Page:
Has the Netherlands found the “Achilles heel” of Euthanasia? That’s the question quietly being asked in Dutch medical circles.
The Netherlands was the first country in the world to legalize euthanasia in 2002, and death-by-fatal-injection has grown rapidly in popularity ever since. In 2010, there were 3,316 reported instances of euthanasia. In 2017, the number had jumped to 6,585. That means euthanasia doubled in under a decade.
Thus, the Dutch were surprised when the official figures for 2018 showed a decrease. Reported instances of euthanasia dropped by seven percent.
Like most European countries, the Netherlands has an aging population. The eligibility parameters for euthanasia keep getting broader. Moreover, euthanasia is socially acceptable. Why would rates go down when it seems like they should only be going up?
Perhaps instances of euthanasia have not decreased, but reporting by doctors has.
n 2017, the Dutch medical community got a huge shock when the Ministry of Justice of the Netherlands announced that – for the first time since euthanasia was legalized – they would prosecute a euthanasia case. The Ministry has charged a doctor with negligence over the way she administered a fatal injection to a patient.
The Ministry is investigating two further instances of euthanasia. They have yet to announce if charges will be filed.
Dutch law requires doctors to report every fatal injection they administer to a committee that oversees the practice of euthanasia for their region. Each year, those committees find a small number of cases where a doctor acted negligently. Up until 2017, being found ‘negligent’ by a committee meant nothing. There were no consequences. Today, however, the Ministry of Justice reviews the committees’ findings of negligence and decides which ones to investigate.
The odds of a doctor’s coming under investigation are tiny (less than zero percent) but the fact that there are any consequences at all represents a major change.
Most Dutch media reports about the decrease are suggesting doctors have become more reluctant to administer euthanasia. They are turning away complex cases – such as patients with advanced dementia – that are more likely to incur a finding of negligence.
However, some Dutch media have hinted that doctors may not be reporting their euthanasia cases to their regional committee as the law requires. Jacob Kohnstamm, chairman of the committees that oversee euthanasia, was asked about this issue point-blank in an interview in April. He started by saying, “Reporting is the Achilles’ heel of the practice of euthanasia.” Then he added, “But.” And then he paused for a moment and changed the subject.
Even before doctors faced the threat of prosecution, non-reporting of euthanasia was surprisingly common. The Dutch government commissioned an extensive study of how euthanasia was administered in 2015. The study found that 19 percent of euthanasia cases were not reported to the relevant regional committee. Previous government studies that examined the years 2005 and 2010 found similar levels of non-reporting.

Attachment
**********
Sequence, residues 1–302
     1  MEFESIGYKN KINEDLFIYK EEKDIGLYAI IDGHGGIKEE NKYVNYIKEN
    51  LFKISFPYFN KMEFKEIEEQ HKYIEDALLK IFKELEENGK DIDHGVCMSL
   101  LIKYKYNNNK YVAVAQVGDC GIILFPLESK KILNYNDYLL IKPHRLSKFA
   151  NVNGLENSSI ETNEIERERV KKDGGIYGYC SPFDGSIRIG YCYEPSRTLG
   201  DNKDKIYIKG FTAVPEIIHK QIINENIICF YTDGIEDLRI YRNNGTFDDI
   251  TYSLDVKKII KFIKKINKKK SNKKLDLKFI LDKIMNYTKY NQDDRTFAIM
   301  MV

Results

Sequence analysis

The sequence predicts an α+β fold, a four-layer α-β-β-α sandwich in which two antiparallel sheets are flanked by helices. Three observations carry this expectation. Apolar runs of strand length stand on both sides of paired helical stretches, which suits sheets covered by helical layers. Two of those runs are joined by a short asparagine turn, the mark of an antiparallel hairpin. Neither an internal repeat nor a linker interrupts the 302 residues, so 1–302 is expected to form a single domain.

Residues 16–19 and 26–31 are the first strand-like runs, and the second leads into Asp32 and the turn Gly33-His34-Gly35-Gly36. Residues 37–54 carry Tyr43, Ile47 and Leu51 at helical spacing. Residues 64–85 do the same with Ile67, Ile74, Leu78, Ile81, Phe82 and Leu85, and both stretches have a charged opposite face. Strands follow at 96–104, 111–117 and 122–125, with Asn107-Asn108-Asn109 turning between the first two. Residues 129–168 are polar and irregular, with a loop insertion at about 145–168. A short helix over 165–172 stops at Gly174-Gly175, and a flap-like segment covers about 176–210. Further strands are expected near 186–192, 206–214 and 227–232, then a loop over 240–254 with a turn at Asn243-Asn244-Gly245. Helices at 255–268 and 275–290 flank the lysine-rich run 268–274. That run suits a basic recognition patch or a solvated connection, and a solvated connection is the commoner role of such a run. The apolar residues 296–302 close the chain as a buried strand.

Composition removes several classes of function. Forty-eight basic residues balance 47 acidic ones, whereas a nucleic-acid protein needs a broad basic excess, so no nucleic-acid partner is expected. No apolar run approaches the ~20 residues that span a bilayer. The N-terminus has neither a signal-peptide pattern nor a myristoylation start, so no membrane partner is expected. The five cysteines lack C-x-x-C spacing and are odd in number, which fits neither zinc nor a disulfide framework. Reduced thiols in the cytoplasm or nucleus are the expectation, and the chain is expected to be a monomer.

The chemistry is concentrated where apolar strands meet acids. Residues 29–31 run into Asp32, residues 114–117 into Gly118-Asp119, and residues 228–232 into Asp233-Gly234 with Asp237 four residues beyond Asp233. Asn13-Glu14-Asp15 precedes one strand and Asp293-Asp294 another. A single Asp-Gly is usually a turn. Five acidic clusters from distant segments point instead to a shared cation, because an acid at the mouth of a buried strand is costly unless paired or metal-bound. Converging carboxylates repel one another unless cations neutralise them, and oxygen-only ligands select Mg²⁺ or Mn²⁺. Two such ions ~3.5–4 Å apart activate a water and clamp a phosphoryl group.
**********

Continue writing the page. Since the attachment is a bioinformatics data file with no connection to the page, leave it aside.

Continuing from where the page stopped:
The study that looked at 2015 suggests non-reporting is “connected to the fact that doctors do not consider all such cases to constitute euthanasia or assisted suicide.”
However, the study contains evidence to suggest some non-reporting is deliberate. Doctors were far more likely to report a death as euthanasia if a second doctor had been consulted while the patient was still alive. In 93 percent of the cases that were not reported, a second doctor had been consulted.
Also, 10 percent of doctors said they found the reporting process to be “time consuming” and 5 percent said they found it “burdensome.” Since 2017, that burden has increased. The regional committees are quite reluctant to find a doctor negligent now that this may result in criminal charges. Thus, they will first request further information from doctors and probably conduct in-person interviews as well.
Sadly, there is no indication that the decrease in euthanasia is a sign the Dutch are turning pro-life. Demand for euthanasia is still high.
Steven Pleiter, director of a clinic that administers euthanasia, believes death-by-fatal-injection will increase significantly in the future. He told Dutch media, “An enormous group of people is on its way – the Baby Boomers. They all have definite opinions about the end-of-life.”
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Emma Freire is a writer living in Sao Paulo, Brazil. She has also been published in The Federalist and The American Conservative.